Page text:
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1

Volkswagen Emissions Scandal in the US:
Crisis Analysis (May 2014 – Early November 2015)

Prepared by: Benton Garrett
Fall 2015

2

Executive Summary
Beginning in 2014, Volkswagen (VW) became the subject of an ongoing scandal that today
threatens the survival of the company. The company has admitted to installing devices that
detect when a vehicle is undergoing emissions testing and reduces the engine power in order to
pass. Conversely, when not being tested, these vehicles will enter a high-performance mode
that does not meet the Environmental Protection Agency’s emissions standards. Ongoing, the
list of affected vehicle lines continues to grow. Public perception of the company has
plummeted while the company scrambles to maintain consumer confidence.

Table of Contents
Introduction .................................................. 2
Methodology ................................................. 3
Results and discussion ...................................... 4
Conclusion and recommendation ......................... 7
Bibliography ................................................. 7

Introduction
Background
In May 2014, researchers at West Virginia University discovered an issue with Volkswagen’s
vehicles that would soon spiral into a potentially devastating blow to the company’s future. The
researchers found hard evidence that the company was cheating on the Environmental
Protection Agency’s emissions test. This flaw is grounds for the halt of sales for the huge
number of affected vehicles as well as financial reparations to current owners. As a current,
ongoing issue as of the writing of this document, Volkswagen continues to attempt to manage
the fallout of this crisis.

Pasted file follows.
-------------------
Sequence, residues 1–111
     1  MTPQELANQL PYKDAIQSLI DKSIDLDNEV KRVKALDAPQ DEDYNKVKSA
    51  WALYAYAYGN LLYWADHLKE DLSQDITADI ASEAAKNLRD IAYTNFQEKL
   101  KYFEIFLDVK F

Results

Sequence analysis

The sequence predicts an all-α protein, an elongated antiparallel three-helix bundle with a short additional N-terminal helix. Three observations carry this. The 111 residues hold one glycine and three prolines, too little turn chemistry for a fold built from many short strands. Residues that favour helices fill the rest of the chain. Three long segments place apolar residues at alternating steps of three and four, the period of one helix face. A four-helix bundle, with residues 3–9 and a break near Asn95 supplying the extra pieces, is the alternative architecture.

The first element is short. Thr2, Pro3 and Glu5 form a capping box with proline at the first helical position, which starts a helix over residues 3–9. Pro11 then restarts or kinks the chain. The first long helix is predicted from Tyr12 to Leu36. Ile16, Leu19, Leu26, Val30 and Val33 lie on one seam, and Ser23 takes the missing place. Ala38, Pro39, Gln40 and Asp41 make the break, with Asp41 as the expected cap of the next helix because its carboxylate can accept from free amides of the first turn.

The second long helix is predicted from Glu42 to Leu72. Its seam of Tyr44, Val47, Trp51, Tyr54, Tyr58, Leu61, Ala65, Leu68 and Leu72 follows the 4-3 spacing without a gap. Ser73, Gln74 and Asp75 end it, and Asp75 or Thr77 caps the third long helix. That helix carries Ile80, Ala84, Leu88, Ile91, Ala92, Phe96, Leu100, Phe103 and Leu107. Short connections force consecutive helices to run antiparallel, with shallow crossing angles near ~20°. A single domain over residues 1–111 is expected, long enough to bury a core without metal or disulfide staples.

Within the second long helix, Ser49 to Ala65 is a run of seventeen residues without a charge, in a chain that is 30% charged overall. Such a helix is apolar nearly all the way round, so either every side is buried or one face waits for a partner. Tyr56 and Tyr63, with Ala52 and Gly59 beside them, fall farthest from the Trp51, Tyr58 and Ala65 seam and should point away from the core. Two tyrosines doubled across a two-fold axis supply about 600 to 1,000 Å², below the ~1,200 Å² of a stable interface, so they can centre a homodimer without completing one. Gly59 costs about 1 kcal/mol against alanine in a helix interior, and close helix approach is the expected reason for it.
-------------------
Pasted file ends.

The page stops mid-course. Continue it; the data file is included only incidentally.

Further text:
3

Purpose
This white paper presents the findings from analyzing this crisis and Volkswagen’s
communication surrounding it.

Objectives
Specifically, the research objectives included investigating the following:




How the media reported and influenced perceptions about the crisis
How Volkswagen handled public perceptions about the crisis
How pre-existing opinions toward the company affected the crisis resolution

Methodology
Communication has been gathered from digital news sources. This includes article excerpts and
a sample of comments from readers.
The data is organized according to three phases of crisis communication as described by Tulika
Varma in “Crisis Communication in Higher Education: The Use of ‘Negotiation’ As a Strategy to
Manage Crisis”.
Phase 1: denial, shifting of the blame, and evasion of responsibility
Phase 2: attempts to minimize effects or transcend the problem
Phase 3: resolution through apology and negotiation
Beginning with an outline/timeline by Cars.com, I further researched each major event of this
crisis. Analyzing the data based on the assumption that the company’s communications must
each fall into one of these categories, a clear picture the company’s strategy emerges.
Since this issue is ongoing, it was important to set a clear period of time I would research. I have